It is equally true that combinations of capital are bound to continue and to grow, and this need not alarm even the most timid if the corporation, or the series of corporations, is properly conducted with due regard for the rights of others. The day of individual competition in large affairs is past and gone—you might just as well argue that we should go back to hand labour and throw away our efficient machines—and the sober good sense of the people will accept this fact when they have studied and tried it out. Just see how the list of stockholders in the great corporations is increasing by leaps and bounds. This means that all these people are becoming partners in great businesses. It is a good thing—it will bring a feeling of increased responsibility to the managers of the corporations and will make the people who have their interests involved study the facts impartially before condemning or attacking them.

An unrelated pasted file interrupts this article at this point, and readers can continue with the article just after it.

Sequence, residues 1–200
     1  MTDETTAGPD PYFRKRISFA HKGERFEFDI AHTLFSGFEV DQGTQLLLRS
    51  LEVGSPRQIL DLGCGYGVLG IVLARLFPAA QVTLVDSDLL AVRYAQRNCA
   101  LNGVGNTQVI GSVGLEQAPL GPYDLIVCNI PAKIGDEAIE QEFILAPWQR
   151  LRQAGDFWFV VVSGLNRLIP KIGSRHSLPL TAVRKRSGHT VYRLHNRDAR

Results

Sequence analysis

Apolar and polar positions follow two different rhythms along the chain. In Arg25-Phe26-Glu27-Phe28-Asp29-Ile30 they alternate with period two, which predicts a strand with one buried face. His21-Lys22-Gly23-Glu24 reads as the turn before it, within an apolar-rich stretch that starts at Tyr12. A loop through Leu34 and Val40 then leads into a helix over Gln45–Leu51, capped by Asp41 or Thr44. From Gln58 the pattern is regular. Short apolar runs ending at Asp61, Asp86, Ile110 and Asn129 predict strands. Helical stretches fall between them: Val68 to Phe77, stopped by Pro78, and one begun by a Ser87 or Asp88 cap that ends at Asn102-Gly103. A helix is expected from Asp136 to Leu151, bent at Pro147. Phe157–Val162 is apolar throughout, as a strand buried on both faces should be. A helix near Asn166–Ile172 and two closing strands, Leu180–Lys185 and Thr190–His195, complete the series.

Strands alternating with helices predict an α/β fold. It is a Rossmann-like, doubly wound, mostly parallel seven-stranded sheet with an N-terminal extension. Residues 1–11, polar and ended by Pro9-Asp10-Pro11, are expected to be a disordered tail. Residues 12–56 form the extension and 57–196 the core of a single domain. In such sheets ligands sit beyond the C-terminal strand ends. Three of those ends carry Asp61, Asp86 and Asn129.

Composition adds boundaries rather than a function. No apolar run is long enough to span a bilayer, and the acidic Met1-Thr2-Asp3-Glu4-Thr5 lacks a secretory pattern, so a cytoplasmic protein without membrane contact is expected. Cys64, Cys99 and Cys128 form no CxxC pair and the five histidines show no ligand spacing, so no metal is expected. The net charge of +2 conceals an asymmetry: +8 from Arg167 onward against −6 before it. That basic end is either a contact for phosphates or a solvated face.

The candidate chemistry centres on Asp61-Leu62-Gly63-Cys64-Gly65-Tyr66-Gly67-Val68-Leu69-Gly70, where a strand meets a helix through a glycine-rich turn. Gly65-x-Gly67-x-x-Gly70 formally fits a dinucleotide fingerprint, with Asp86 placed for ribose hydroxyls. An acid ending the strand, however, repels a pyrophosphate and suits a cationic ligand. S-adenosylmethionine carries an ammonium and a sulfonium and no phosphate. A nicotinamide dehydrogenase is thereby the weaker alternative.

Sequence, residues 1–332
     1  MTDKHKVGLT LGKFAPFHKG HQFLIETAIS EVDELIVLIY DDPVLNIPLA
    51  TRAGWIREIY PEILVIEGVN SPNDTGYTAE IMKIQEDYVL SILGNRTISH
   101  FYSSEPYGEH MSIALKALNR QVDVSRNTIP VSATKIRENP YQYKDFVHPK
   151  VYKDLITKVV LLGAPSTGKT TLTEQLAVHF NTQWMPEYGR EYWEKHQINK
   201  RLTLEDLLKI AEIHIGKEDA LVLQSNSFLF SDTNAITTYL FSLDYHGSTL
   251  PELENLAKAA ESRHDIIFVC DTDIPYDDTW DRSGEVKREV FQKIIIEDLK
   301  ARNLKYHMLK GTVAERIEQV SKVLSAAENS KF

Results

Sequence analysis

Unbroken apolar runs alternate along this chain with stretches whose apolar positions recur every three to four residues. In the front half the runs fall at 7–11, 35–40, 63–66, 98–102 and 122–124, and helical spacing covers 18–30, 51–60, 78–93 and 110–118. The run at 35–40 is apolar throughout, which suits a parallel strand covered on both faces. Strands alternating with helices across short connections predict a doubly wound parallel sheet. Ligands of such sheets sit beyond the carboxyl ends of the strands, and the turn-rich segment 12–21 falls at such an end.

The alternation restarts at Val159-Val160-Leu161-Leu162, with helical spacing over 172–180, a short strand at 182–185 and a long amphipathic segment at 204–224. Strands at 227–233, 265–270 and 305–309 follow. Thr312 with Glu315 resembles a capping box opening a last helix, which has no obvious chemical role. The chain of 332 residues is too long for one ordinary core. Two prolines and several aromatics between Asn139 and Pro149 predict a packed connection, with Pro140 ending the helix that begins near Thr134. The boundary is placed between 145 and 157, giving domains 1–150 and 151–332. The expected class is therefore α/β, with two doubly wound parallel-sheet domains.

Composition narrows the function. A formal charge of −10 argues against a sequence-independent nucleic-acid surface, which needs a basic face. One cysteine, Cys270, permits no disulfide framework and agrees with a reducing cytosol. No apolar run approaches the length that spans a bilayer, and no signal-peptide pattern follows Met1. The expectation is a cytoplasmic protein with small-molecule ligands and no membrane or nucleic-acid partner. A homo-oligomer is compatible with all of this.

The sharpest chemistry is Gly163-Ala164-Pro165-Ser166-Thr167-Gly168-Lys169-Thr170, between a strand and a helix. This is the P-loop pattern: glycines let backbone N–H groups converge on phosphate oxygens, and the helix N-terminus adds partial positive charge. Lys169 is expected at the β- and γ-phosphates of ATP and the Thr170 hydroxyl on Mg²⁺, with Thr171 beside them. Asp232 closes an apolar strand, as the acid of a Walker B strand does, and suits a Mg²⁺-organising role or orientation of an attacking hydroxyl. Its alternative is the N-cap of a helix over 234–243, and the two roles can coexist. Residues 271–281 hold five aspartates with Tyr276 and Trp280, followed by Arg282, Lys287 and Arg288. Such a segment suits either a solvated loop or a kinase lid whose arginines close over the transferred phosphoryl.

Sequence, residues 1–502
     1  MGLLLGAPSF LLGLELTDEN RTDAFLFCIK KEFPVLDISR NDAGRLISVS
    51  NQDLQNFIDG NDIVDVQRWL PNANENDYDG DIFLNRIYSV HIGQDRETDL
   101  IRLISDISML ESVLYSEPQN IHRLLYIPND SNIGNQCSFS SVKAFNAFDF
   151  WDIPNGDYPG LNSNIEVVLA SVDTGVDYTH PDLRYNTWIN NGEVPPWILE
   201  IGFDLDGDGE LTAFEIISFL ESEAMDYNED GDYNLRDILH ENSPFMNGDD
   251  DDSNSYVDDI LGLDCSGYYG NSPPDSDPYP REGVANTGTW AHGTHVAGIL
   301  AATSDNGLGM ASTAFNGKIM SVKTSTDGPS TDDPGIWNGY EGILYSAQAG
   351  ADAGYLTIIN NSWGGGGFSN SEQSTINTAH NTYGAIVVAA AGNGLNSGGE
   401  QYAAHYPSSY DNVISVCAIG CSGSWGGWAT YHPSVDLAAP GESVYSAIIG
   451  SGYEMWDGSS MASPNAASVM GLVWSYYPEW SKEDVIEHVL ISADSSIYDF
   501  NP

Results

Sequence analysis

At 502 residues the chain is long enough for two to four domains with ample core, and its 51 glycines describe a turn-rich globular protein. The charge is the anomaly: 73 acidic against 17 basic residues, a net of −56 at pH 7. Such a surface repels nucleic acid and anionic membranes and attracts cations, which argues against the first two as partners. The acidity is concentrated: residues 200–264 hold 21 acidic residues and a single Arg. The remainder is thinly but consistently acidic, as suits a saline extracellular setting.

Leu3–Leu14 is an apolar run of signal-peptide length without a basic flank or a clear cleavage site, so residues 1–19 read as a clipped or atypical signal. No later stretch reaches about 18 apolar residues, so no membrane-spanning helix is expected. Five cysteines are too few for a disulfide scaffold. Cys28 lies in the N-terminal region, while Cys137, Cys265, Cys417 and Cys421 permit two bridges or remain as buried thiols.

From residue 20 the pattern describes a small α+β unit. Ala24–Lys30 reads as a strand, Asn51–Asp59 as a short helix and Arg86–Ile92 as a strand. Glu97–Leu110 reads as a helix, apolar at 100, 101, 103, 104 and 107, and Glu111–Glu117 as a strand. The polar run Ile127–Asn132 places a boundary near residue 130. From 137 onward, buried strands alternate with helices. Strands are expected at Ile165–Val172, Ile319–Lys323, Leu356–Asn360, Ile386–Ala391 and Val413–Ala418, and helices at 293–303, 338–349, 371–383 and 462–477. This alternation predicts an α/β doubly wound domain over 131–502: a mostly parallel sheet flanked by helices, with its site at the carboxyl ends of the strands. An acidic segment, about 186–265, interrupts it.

On this subject of industrial combinations I have often expressed my opinions; and, as I have not changed my mind, I am not averse to repeating them now, especially as the subject seems again to be so much in the public eye.